The Forever Engine – Snippet 32


October 8, 1888,

Aboard Her Majesty’s Aerial Ship Intrepid,

Aloft over Austria

The next morning I woke in the darkness and felt the rhythmic vibration of Intrepid’s engines through the bunk, felt the warmth and slower rhythm of Gabrielle’s engine beside me. Her back rested against my chest in the narrow bunk, her bare shoulder rising and falling as she snored softly. For an instant, it was the best morning I’d had since coming here, perhaps the best morning in years. Then a wave of panic swept over me. What the hell was I doing?

I pulled away and sat up on the edge of her bunk, sat there shivering, appalled at what I’d done.

When Sarah was just six or seven, my wife and I had taken her to a seafood restaurant. We had to wait before being seated, and Sarah spent the time studying the tank of lobsters which stood beside the hostess station like an aquarium in the doctor’s office. After a while, she began naming the lobsters, and I knew: no lobster tonight, maybe never again.

I had called Gabrielle Gabi last night, over and over in our mutual passion, our entwined dance of life as we hurtled toward a rendezvous which would enable me, if all went well, to snuff out this time and everyone in it to save my own.

Gabi — naming the lobsters.

Behind me she stirred, then stretched a little, and yawned.

“Ah,” she said. “You are awake.”

“Yeah.” I got up and started to dress. For a moment she rested on her stomach, chin propped on folded arms, face obscured by a soft tangle of golden curls. Then, nude and unselfconscious, she sat up on the bed, crossed her legs, and pushed her hair away from her face. I had never imagined a Victorian woman remotely like her.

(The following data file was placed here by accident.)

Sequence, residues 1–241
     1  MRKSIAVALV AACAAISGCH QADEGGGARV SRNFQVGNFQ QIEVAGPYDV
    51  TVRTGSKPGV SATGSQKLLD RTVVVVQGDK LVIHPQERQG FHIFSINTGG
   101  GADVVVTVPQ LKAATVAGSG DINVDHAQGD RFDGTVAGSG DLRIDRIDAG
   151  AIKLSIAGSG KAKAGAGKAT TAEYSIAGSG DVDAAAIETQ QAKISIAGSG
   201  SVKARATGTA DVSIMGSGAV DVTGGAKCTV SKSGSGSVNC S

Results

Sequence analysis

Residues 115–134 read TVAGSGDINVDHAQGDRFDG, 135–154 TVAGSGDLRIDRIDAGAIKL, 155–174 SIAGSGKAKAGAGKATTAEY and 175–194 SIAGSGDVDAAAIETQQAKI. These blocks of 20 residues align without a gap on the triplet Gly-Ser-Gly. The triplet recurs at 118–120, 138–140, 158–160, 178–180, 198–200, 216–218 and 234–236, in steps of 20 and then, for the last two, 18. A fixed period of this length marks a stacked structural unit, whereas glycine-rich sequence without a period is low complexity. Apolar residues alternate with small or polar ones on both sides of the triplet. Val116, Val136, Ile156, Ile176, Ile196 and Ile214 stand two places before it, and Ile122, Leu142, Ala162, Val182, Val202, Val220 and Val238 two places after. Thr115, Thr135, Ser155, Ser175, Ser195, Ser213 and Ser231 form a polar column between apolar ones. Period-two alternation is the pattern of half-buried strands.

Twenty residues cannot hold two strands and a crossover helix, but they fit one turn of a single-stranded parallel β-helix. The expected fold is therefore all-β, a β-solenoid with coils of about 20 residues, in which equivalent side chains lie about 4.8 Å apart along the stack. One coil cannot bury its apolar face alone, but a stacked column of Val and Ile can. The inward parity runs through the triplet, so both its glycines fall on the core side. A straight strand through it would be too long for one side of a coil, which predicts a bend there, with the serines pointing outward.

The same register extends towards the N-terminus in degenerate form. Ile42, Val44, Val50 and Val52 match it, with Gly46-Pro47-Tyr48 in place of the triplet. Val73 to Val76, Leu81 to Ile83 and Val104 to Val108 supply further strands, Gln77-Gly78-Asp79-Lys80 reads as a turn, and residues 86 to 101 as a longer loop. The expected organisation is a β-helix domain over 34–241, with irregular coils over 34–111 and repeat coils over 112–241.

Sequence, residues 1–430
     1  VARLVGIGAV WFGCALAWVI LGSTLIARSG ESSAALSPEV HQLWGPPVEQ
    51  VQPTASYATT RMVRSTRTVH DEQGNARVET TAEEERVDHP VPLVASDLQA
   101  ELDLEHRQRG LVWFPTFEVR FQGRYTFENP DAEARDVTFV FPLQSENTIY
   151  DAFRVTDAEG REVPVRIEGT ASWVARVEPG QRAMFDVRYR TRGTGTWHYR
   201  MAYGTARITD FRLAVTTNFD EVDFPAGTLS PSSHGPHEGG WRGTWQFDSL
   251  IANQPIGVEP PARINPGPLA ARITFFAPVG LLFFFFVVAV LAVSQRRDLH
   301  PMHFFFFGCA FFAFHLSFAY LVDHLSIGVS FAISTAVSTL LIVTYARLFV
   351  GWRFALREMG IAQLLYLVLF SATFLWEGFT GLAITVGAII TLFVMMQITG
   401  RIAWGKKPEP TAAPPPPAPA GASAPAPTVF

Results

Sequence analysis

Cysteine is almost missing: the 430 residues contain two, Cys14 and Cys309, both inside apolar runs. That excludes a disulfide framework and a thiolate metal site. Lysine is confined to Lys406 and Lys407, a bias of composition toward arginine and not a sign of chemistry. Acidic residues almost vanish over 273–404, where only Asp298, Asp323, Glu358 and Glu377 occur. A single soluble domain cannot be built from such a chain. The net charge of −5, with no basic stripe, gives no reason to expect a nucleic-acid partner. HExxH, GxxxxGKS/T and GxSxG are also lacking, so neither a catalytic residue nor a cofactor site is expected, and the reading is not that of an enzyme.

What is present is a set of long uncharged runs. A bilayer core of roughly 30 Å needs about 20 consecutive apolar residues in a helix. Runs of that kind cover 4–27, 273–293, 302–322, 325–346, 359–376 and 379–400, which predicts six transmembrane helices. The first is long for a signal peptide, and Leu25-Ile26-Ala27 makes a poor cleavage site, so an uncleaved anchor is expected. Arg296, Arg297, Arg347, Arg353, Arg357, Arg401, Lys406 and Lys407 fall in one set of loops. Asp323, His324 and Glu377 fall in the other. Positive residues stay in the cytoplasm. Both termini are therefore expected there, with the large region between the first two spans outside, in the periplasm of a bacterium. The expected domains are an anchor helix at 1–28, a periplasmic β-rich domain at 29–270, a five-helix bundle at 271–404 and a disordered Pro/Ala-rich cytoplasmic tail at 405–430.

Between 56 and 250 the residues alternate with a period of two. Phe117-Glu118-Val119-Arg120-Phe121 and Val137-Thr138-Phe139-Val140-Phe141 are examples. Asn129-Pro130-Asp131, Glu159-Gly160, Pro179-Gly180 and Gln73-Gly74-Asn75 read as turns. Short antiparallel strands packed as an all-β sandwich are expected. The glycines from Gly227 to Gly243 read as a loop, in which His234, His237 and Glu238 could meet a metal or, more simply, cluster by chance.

“Gabi — mon surnom. You would say nickname? Do you have the nickname for your daughter?”

“The Terminator.”

Like an incantation, her name summoned her, and, for a moment, if only in my mind, Sarah was there, about twelve or thirteen years old. I guess we always think of our kids as younger than they really are, just as we think of ourselves that way. Sarah looked at me with her knowing smirk, one eyebrow raised when she looked at Gabrielle, torn between approval of “Daddy’s hottie” and vague distaste at the idea of “old people sex.”

Then she was gone, and my cheeks were wet and my lungs empty of air.

Gabrielle studied me, frowning slightly in concentration.

“You fear for your daughter, she will be impoverished if you do not return?”

I caught my breath and wiped my eyes.

“I fear she no longer exists. But if she does, I had good life insurance. Plus she’ll get my IRA and the condo on Lake Shore Drive.”

Gabrielle had that look that said she had no idea what I’d just said.

“Trust me, financially she’ll be fine.”

“What of her mother and siblings?”

“There’s only her — her mother died when she was eight.”

“Ah, so you are her only family. You fear she will be alone.”

“No, she’s still got two grandparents alive, plus a bunch of uncles, aunts, and cousins, mostly on my late wife’s side of the family. We’ve stayed close to them.”

She looked more confused than before. I was, too. I’d spoken about Sarah as if I would never see her again, as if she would go on but without me. I would save her, somehow. But would I be able to face her afterwards, knowing what I had had to do to accomplish that?